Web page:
I'm sorry, you misunderstood my "tone".
I was asking "those" who insisted that this was all organized by CIA.
Not my claim.


Oh, sorry.

It would be interesting to hear from someone who believes this is a CIA thing. Kind of insulting to the Iranians, but it could be true.

I personally doubt it unless the CIA has wanted to undermine Obama, I mean really mess things up for him. He was supposed to have some Iranian ambassadors over for BBQ on the 4th. They're not gonna go now.



posted on Jul, 9 2009 @ 02:28 PM
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Thousands protest in Iran, defying crackdown vow


TEHRAN, Iran (AP) - Thousands of protesters streamed down avenues of the capital Thursday, chanting "death to the dictator" and defying security forces who fired tear gas and charged with batons, witnesses said. The first opposition foray into the streets in 11 days aimed to revive mass demonstrations that were crushed in Iran's postelection turmoil.
Iranian authorities had promised tough action to prevent the marches, which supporters of opposition leader Mir Hossein Mousavi have been planning for days in Internet messages. Heavy police forces deployed at key points in the city ahead of the marches, and Tehran's governor vowed to "smash" anyone who heeded the demonstration calls.


In some places, police struck hard. Security forces chased after protesters, beating them with clubs on Valiasr Street, Tehran's biggest north-south avenue, witnesses said.

Women in headscarves and young men dashed away, rubbing their eyes as police fired tear gas, in footage aired on state-run Press TV. In a photo from Thursday's events in Tehran obtained by The Associated Press outside Iran, a woman with her black headscarf looped over her face raised a fist in front of a garbage bin that had been set on fire.

But the clampdown was not total. At Tehran University, a line of police blocked a crowd from reaching the gates of the campus, but then did not move to disperse them as the protesters chanted "Mir Hossein" and "death to the dictator" and waved their hands in the air, witnesses said. The crowd grew to nearly 1,000 people, the witnesses said.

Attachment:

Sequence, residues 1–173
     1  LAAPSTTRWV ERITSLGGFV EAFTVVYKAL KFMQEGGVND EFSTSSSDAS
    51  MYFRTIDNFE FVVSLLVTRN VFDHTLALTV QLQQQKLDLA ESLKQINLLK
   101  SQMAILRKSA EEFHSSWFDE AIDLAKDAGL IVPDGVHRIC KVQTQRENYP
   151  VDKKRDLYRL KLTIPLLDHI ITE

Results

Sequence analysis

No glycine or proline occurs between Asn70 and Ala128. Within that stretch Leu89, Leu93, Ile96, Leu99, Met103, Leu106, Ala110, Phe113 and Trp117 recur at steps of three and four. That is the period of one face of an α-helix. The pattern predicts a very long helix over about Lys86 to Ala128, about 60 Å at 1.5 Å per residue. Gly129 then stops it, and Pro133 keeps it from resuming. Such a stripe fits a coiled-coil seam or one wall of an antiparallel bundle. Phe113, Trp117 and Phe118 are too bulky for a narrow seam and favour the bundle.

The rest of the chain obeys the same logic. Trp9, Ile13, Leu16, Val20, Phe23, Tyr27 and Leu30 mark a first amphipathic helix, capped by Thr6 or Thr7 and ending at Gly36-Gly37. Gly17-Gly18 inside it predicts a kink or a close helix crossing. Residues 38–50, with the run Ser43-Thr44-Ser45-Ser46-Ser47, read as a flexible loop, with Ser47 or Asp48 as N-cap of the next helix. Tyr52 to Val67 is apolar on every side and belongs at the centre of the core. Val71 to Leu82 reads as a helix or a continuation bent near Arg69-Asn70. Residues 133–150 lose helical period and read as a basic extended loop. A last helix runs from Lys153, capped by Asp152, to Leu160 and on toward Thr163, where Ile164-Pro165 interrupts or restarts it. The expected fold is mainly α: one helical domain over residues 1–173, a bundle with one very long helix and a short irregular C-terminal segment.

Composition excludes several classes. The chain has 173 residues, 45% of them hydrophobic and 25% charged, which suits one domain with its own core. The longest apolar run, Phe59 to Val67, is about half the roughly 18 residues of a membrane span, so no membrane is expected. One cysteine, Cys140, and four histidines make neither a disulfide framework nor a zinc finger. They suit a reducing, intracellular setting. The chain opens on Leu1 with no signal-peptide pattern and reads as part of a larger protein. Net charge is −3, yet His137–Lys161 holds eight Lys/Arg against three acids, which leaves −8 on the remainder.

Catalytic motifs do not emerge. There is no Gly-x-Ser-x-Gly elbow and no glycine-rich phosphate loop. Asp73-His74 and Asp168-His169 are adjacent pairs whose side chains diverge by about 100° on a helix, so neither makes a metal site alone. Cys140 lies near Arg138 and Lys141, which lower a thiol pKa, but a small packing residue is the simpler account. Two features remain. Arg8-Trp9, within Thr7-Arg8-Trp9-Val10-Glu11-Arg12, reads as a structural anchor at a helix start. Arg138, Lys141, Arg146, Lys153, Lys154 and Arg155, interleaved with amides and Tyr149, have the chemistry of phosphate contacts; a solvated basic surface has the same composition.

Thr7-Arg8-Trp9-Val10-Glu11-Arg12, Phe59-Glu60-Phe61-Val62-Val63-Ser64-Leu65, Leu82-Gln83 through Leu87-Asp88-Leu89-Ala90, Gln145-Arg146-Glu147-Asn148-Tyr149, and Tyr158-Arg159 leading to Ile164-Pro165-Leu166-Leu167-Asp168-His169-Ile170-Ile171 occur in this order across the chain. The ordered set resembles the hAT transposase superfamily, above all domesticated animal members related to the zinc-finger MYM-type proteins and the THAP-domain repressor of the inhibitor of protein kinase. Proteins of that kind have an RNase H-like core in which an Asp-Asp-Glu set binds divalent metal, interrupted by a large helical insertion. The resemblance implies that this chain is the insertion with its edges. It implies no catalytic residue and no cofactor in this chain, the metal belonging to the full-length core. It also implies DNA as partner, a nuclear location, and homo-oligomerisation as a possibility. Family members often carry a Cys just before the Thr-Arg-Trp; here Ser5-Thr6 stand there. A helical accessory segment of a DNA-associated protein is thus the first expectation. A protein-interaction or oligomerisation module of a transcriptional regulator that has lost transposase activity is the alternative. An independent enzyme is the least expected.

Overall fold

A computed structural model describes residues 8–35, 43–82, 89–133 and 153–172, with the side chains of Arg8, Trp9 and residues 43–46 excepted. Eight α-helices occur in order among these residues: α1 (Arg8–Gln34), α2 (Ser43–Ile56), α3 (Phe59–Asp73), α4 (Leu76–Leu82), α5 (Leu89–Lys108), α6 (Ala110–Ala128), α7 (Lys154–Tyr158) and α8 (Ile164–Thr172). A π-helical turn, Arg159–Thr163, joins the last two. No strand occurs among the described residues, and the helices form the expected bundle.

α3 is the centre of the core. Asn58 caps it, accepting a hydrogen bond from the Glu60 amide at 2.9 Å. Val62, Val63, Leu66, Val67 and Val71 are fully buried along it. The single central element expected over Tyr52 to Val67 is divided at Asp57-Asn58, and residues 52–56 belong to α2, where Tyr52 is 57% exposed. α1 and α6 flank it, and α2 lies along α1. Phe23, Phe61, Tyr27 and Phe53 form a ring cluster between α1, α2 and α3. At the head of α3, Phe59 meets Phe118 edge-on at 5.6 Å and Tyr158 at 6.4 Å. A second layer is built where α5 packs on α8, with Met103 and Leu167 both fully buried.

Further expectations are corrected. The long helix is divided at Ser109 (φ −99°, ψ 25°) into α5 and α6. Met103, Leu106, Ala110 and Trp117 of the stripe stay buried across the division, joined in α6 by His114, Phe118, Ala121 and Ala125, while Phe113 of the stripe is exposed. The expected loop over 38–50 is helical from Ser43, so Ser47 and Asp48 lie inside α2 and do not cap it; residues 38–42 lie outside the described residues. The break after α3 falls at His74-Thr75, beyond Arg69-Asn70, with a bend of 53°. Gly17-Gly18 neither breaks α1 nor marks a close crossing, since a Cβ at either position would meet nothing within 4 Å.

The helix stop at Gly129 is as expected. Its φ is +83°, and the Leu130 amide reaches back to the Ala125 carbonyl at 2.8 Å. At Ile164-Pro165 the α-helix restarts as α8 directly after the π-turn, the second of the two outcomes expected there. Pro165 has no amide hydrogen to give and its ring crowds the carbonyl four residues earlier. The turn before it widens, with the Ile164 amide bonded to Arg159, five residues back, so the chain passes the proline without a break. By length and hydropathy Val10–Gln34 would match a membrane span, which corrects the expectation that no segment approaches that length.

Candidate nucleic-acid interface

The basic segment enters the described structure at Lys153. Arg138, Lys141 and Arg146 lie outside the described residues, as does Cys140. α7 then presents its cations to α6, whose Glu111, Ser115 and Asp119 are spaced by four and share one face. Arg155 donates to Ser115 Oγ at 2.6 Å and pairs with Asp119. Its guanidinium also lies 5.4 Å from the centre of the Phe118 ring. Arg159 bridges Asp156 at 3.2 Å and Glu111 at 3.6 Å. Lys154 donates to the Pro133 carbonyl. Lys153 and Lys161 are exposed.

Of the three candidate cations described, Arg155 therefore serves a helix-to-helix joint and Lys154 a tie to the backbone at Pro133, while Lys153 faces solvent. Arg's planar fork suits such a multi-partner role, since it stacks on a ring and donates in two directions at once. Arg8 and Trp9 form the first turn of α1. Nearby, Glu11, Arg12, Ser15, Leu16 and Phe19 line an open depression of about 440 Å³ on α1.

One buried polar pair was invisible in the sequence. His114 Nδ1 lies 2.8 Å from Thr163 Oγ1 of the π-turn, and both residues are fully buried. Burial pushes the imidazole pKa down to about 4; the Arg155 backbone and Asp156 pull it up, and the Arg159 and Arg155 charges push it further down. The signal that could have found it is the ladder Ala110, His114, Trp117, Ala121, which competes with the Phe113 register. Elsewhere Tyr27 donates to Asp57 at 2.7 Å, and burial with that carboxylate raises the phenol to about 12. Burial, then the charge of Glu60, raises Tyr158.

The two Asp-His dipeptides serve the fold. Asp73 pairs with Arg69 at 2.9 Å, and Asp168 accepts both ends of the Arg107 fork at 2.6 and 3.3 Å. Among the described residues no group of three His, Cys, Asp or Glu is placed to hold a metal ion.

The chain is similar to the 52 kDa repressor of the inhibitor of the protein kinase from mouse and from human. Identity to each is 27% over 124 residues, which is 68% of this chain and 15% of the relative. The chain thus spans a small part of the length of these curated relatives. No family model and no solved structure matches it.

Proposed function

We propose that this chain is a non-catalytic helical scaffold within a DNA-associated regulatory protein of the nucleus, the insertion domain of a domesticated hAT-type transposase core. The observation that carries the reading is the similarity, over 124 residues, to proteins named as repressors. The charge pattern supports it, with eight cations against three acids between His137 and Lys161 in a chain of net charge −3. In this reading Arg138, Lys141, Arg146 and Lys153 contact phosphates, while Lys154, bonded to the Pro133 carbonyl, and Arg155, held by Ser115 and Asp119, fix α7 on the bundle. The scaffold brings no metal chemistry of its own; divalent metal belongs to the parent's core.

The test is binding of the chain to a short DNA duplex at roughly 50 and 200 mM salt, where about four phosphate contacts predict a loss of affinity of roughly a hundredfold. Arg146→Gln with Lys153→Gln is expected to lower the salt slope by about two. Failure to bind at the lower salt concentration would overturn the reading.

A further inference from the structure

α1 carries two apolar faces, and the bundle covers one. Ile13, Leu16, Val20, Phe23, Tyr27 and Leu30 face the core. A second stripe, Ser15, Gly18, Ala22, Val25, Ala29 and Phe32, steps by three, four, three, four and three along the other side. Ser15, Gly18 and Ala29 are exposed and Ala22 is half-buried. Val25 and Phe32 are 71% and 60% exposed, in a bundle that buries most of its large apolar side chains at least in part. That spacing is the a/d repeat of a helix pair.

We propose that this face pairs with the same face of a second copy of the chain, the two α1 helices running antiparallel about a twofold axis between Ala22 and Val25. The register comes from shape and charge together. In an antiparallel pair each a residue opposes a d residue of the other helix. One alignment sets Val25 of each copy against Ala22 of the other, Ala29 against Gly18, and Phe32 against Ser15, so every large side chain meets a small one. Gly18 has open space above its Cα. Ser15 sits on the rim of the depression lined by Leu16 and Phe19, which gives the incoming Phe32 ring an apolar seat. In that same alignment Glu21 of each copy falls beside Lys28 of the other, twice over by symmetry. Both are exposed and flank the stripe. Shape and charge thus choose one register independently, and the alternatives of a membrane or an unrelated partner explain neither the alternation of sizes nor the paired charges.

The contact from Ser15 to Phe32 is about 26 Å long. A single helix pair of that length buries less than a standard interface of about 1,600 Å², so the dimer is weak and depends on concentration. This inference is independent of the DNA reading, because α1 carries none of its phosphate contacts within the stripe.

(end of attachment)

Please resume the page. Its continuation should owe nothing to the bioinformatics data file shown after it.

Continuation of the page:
"Police, protect us," some of the demonstrators chanted, asking the forces not to move The protesters appeared to reach several thousand, but their full numbers were difficult to determine, since marches took place in several parts of the city at once and mingled with passers-by. There was no immediate word on arrests or injuries.

It did not compare to the hundreds of thousands who joined the marches that erupted after the June 12 presidential election, protesting what the opposition said were fraudulent results. But it was a show of determination despite a crackdown that has cowed protesters for nearly two weeks.

Onlookers and pedestrians often gave their support. In side streets near the university, police were chasing young activists, and when they caught one, passers-by chanted "let him go, let him go," until the policemen released him. Elsewhere, residents let fleeing demonstrators slip into their homes to elude police, witnesses said.

All witnesses spoke on condition of anonymity for fear of government reprisals. Iranian authorities have imposed restrictions that ban reporters from leaving their offices to cover demonstrations.

Many of the marchers were young men and women, some wearing green surgical masks, the color of Mousavi's movement, but older people joined them in some places. Vehicles caught in traffic honked their horns in support of the marchers, witnesses said. Police were seen with a pile of license plates, apparently pried off honking cars in order to investigate the drivers later, the witnesses said.

Soon after the confrontations began, mobile phone service was cut off in central Tehran, a step that was also taken during the height of the postelection protests to cut off communications. Mobile phone messaging has been off for the past three days, apparently to disrupt attempts at planning.